By Jon Hochschartner
Early next year, Square Enix will release a new game for current generation systems in its popular Final Fantasy series. With this ahead, it’s worthwhile to revisit the most critically acclaimed title in the franchise, Final Fantasy VII, released in 1997 for the original PlayStation, which is often cited as one of the greatest video games of all time. Compared to the medium’s typical fare, the title holds a progressive perspective on capitalism, the environment, and the relationship between the two.
Final Fantasy VII centers on a militant ecological group called AVALANCHE which is trying to stop the Shinra Corporation from destroying the planet in its pursuit of Mako energy. The game appears to reject the capitalist environmentalism that sees ecological crisis primarily as the result of individual choices, such as taking too-long showers or failing to turn off lights when one leaves a room. Instead, the title places blame squarely on Shinra’s relentless search for wealth.
In a representative comment about the corporation, a central character says, “They’re evil and destroyin’ our planet just to… build their power and line their own damn pockets with gold! If we don’t get rid of them, they’re gonna kill this planet!”
As socialist author Chris Williams points out, capitalism is based on a constant expansion, profit, and short-term outlook which is at odds with the public interest in environmental sustainability. Whether the game recognizes these systemic problems, or merely sees Shinra as a “bad apple” on the corporate tree, is debatable. But, at the least, Final Fantasy VII suggests a need for significant reform that goes beyond the focus on the lifestyle choices of individuals which seems to be the current, mainstream prescription for ecological crisis.
That said, AVALANCHE, the rebel organization to which the player belongs, uses terrorist tactics shunned by conventional socialist opinion. AVALANCHE launches a secret bombing campaign against Shinra, instead of, say, rousing the residents of the capital’s slums to fight the corporation on their own behalf.
Most socialists don’t have a moral opposition to violence, but recognize it’s generally incapable of creating large-scale, permanent change when carried out by individuals or small groups. V.l. Lenin, with whom I have problems as a civil libertarian, sums up the socialist case against what he termedrevolutionary adventurism by writing, “Only new forms of the mass movement or the awakening of new sections of the masses to independent struggle really rouses a spirit of struggle and courage in all. Single combat however…has the immediate effect of simply creating a short-lived sensation, while indirectly it even leads to apathy and passive waiting.”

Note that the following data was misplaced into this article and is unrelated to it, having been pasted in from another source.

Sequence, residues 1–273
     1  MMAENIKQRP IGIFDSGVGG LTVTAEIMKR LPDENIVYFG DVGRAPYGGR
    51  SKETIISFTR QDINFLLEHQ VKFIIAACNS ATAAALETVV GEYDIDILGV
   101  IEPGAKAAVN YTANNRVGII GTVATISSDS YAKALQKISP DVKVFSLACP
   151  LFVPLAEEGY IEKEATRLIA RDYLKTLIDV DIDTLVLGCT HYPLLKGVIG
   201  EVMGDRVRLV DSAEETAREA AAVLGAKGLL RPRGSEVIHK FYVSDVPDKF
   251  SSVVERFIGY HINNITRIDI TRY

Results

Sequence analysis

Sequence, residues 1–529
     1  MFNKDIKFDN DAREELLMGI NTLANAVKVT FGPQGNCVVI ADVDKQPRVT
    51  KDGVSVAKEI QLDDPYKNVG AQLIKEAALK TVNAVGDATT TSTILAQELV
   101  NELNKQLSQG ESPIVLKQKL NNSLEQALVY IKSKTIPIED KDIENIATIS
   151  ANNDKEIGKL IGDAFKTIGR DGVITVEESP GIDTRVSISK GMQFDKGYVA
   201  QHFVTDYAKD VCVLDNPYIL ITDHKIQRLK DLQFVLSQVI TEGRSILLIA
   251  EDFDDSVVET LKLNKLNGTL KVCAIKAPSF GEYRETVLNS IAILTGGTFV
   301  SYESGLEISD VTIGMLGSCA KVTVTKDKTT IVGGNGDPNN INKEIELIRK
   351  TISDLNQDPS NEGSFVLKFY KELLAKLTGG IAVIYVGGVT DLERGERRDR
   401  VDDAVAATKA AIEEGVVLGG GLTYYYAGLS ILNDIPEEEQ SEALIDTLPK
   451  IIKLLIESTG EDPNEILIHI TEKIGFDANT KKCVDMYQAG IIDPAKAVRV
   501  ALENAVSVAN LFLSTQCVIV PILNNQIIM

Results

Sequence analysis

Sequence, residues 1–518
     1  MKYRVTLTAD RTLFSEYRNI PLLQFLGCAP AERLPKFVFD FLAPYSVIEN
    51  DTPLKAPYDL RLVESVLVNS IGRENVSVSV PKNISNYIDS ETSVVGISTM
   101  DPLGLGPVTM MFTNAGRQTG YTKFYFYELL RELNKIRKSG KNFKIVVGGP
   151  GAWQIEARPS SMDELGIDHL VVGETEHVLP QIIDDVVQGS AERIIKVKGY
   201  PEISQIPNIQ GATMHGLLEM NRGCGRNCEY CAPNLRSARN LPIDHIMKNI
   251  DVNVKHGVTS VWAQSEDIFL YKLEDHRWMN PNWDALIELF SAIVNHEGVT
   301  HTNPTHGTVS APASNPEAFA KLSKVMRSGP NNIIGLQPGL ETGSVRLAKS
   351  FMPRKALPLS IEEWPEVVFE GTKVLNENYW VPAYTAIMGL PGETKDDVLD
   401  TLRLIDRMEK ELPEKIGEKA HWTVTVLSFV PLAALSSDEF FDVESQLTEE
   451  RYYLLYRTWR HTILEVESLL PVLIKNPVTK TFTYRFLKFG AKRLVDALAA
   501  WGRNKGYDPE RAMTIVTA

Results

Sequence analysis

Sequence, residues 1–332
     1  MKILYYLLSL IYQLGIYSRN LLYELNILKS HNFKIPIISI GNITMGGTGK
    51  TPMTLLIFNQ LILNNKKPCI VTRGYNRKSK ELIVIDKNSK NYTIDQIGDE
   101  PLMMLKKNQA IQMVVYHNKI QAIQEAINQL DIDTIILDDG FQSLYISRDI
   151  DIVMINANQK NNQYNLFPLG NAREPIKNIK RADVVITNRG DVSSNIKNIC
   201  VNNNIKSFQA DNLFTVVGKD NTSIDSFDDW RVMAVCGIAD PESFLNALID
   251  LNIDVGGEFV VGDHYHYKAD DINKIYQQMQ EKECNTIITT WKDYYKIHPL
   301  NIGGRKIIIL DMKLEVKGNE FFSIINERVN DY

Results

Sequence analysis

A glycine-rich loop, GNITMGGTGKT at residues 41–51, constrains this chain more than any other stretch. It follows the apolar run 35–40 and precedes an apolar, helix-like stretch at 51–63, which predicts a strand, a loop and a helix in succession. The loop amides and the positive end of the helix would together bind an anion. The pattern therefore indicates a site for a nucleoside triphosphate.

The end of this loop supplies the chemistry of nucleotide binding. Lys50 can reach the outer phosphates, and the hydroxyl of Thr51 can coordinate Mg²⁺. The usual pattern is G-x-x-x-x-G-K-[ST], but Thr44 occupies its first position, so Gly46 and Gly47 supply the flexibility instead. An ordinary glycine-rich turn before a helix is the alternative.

Unfortunately, in the real world, many radical environmentalists today, whose commitment cannot be questioned, frequently exalt these tactics when employed by groups like the Earth Liberation Front. Far from the symptom of a robust movement, many supporters believe that resorting to such desperate actions represents an inability to garner the mass support needed to create real change.
Final Fantasy VII also emphasizes the farcical nature of capitalist democracy. Karl Marx writes, “The executive of the modern state is but a committee for managing the common affairs” of the rich. Similarly, in the early stages of the game, the mayor of the planet’s capital confides in the player matter-of-factly, saying, “Actually, I’m mayor in name only. The city and everything in it is really run by Shinra, Inc. My only real job is watching over Shinra’s documents.”
Additionally, Final Fantasy VII encourages skepticism of corporate news and recognizes that coverage reflects the class interests of ownership. For instance, at one point, a TV broadcast portrays AVALANCHE in a particularly unfavorable light, quoting the president of Shinra and the mayor of the capital without including any sort of progressive rebuttal. At another point, a central character questions the accuracy of a report, saying, “Shinra, Inc. owns the paper, so you can’t rely on that information.”
For years, there have been rumors that Square Enix might remake Final Fantasy VII. According to gaming website IGN, the developer’s president has said such a turn toward the company’s past would not happen until it created a title that “exceeds the quality” of the older title. Were Square Enix to pursue a remake, which would undoubtedly please many fans, let’s hope they’d inject the game with an even more class conscious sensibility than the original – and one that truly recognizes how deeply the fights for economic democracy and environmental sustainability are intertwined.